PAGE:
September 12, 2007

Is our engineering rank slipping in the world?

  • There is a funding shortage for infrastructure, our high school students are getting lower math and science scores, and we have a confrontational approach to design and construction.
    W&H Pacific


    It was an honor serving as chairman of the American Council of Engineering Companies. In that position I had the unique opportunity to visit projects, engineering organizations and government officials both nationally and internationally. As a result, I have several general observations to share regarding our engineering profession and its ability to support the development of transportation systems.

    Improving competency

    American engineering schools and graduate engineers are clearly some of the best in the world. However, we face a number of challenges to maintain the current level of expertise. We have a national responsibility to raise the level of technical competency of students in our public education system. Our high school students rank low in math and science competency relative to most developed countries. Consequently, there are fewer applicants entering engineering schools relative to many other countries, and many of those who do enter are not well prepared for the academic challenges.

    For a nation that has led the world in space exploration, technological innovation and Nobel Laureates, we have fallen seriously behind and should be alarmed.

    Global learning

    We need to do a much better job of capturing creative solutions from around the world. With integrated transportation systems, we are far behind much of the industrialized world, and even some of the developing nations. For example, in most major European cities when you arrive at an international airport, rail and bus stations are collocated, making it is easy to transfer to a local subway, bus or intercity train system. We can and should do a much better job integrating our transportation systems.

    We can also learn more from others about aesthetic infrastructure design. In France, freeway bridges have design elements such as full-length planter boxes along the sides, adding beauty, greenery and interest to the roadway. Long-lifespan projects such as bridges should be visually attractive and enhance our driving experience. In the last several years we have done a much better job of designing attractive bridges, but aesthetics should play a larger role in roadway and bridge design.

    A cooperative approach

    Many countries have a much more cooperative relationship between design engineers and governments that encourages creative design and innovation. The legal system here often forces a confrontational approach to design and construction. In order to avoid lawsuits, creative design is often stifled and construction approaches are too conservative. This combination leads to increased costs that drain resources needed for actual problem resolution.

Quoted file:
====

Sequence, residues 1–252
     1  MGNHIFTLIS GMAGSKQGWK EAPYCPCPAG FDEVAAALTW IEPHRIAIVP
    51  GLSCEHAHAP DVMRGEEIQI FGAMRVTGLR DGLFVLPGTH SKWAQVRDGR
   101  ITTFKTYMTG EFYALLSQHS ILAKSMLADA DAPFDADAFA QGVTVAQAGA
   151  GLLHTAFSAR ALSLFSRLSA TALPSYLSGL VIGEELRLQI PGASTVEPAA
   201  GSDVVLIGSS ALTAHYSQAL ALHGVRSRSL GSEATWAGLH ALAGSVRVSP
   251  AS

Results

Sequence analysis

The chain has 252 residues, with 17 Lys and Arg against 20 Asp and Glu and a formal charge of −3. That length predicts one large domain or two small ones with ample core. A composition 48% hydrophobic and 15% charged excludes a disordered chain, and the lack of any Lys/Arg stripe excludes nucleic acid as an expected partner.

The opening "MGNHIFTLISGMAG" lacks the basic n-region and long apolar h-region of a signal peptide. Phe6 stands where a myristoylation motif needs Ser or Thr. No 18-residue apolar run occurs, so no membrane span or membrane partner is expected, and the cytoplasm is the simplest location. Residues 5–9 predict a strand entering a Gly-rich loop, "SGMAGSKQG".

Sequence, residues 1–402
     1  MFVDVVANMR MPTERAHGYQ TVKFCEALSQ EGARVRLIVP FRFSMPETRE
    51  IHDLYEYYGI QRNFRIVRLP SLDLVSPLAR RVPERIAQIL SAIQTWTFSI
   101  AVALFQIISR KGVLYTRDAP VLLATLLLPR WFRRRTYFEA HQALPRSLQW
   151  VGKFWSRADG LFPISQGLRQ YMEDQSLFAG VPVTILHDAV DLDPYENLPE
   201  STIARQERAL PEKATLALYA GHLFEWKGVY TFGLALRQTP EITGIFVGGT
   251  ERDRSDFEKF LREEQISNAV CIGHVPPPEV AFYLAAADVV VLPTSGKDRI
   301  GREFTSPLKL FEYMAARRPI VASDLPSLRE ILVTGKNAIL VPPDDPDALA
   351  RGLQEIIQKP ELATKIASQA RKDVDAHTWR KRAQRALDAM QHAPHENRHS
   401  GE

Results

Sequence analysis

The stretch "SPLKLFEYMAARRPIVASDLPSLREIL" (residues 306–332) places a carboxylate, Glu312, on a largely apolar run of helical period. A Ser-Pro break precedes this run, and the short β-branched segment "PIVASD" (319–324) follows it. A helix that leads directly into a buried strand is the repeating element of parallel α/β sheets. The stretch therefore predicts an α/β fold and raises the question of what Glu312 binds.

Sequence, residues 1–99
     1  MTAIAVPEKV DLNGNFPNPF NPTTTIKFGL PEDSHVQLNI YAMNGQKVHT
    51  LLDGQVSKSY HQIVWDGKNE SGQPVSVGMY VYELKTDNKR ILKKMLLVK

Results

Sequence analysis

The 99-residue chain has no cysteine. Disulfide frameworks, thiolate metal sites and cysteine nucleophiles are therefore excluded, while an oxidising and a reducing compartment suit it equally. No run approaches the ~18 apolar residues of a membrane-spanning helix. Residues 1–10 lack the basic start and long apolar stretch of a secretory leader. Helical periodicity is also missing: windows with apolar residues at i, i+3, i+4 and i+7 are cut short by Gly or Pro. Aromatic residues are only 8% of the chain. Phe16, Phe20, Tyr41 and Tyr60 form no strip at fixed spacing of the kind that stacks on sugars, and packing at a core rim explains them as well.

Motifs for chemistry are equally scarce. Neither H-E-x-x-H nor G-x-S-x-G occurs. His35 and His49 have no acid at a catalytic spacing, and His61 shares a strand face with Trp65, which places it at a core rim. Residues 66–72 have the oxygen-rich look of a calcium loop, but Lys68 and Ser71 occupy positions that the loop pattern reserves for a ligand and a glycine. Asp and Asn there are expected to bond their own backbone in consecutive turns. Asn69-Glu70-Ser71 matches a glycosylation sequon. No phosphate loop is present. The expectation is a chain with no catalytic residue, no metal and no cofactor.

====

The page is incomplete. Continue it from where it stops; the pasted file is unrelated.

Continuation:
Recently, I observed roadway repair work in Germany and Britain. Amazingly, crews completed the work during traffic hours without flaggers — just warning signs. As a result of putting responsibility for safety with the driver, and not the government, these and other countries in Europe and Asia have more funds to spend on actual roadway improvements.

    Transportation funding

    Finally and perhaps most importantly, we need to view adequate investment in infrastructure as a long-term investment in our community and nation. Infrastructure needs are not as politically popular as other more visible programs, and consequently resources are redirected from needed infrastructure improvements. The highly integrated transportation systems you find in Europe and Japan are not free. Gasoline averages $5-$8 per gallon in these countries. The increased costs are largely user fees that support the transportation systems, but are not currently available to us for our infrastructure needs.

    I believe that many of us would forego the second or even a first car if we had an effective mass transportation system. The costs of a second car far outweigh the additional fuel taxes paid. Notwithstanding this approach to transportation funding, the revenues generated to maintain and develop our transportation systems have been lagging for a number of years and need to catch up to match the system needs.

    As a profession and society, we can do better. We have the people, skills and resources to keep our nation at the forefront of technical innovation and leadership. We just need to do a better job of clarifying what is important to us as a society and then prioritize the resources to achieve our goals. Engineers have a major role in verbalizing these complex technical issues in a manner that is clear and understandable so that our citizens can make informed decisions.

    Jeff Daggett is co-founder and former CEO of W&H Pacific, a consulting design firm headquartered in Bothell. He served as 2006-07 ACEC national chairman.

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